The European Commission is reportedly planning to bring in new laws that will punish social media companies if they don’t remove terrorist content within an hour of it being flagged.
The news comes courtesy of the FT, which spoke to the EU commissioner for security, Julian King, on the matter of terrorists spreading their message over social media.
“We cannot afford to relax or become complacent in the face of such a shadowy and destructive phenomenon,” he said, after reflecting that he doesn’t think enough progress had been made in this area.
Earlier this year the EU took the somewhat self-contradictory step of imposing some voluntary guidelines on social media companies to take down material that promotes terrorism within an hour of it being flagged.
In hindsight that move seems to have been made in order to lay the ground for full legislation, with Europe now being able to claim its hand has been reluctantly forced by the failure of social media companies to do the job themselves.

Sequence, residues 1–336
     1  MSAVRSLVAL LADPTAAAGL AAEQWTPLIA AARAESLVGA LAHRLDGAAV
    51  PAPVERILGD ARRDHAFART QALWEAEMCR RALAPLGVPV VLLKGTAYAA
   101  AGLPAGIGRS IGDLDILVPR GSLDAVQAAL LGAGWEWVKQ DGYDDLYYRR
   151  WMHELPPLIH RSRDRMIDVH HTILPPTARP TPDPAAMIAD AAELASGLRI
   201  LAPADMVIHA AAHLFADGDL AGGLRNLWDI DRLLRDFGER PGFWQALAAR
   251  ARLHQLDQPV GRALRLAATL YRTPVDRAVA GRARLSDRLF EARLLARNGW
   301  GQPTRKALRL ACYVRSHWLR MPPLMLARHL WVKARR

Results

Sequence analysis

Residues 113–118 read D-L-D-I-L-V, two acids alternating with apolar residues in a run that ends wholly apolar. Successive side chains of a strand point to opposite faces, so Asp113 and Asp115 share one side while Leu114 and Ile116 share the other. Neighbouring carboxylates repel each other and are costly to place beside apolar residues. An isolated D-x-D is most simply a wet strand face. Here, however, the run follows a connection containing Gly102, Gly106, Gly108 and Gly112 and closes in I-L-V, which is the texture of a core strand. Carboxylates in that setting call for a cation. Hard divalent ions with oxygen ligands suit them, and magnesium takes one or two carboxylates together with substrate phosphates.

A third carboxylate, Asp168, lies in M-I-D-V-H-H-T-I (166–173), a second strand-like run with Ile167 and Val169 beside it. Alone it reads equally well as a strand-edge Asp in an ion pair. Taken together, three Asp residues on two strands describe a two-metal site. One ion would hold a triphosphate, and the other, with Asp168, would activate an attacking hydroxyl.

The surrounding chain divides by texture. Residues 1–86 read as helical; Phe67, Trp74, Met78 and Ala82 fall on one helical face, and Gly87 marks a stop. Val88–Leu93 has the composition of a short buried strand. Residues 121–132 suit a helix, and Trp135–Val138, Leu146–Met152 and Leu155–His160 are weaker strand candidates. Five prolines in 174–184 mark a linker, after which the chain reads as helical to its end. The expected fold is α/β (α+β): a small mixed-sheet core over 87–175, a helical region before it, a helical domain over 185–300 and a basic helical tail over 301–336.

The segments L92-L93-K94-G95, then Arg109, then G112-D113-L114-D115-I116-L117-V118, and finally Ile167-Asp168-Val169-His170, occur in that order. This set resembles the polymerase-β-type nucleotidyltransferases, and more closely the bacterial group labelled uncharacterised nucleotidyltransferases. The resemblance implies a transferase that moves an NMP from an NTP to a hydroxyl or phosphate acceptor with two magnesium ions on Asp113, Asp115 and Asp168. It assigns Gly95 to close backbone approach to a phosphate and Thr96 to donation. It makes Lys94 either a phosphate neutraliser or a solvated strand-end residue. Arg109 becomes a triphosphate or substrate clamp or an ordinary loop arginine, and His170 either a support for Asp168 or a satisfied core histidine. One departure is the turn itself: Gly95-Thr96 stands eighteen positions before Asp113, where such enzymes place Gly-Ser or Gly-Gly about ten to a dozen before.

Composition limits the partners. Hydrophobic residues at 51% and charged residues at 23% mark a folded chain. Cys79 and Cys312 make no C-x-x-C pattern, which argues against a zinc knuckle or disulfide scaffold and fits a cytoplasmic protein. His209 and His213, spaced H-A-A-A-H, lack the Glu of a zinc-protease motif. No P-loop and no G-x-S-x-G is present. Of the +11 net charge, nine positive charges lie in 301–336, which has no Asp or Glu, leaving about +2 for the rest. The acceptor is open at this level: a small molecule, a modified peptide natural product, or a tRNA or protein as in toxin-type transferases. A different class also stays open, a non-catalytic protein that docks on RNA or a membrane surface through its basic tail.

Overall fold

So long as the legal stipulation if for content to be taken down when explicitly flagged as terrorist by police authorities it should be pretty easy to enforce – indeed it could probably be automated.
But legislation such as this does pose broader questions around censorship. How is ‘terrorist’ defined? Will there be a right of appeal?
Will other organisations be given the power to demand content be taken down?
Will this law be extended to other types of contentious content?
At the end of the FT piece it is noted that, while the EU still allows self-regulation on more subjective areas like ‘hate speech’ and ‘fake news’, Germany is a lot more authoritarian on the matter. Given the considerable influence Germany has over the European bureaucracy it’s not unreasonable to anticipate a time when the EU follows Germany’s lead on this matter.
Meanwhile, US President Donald Trump – avid user of Twitter but loather of much of the mainstream media – got involved in the social media censorship debate via his favoured medium.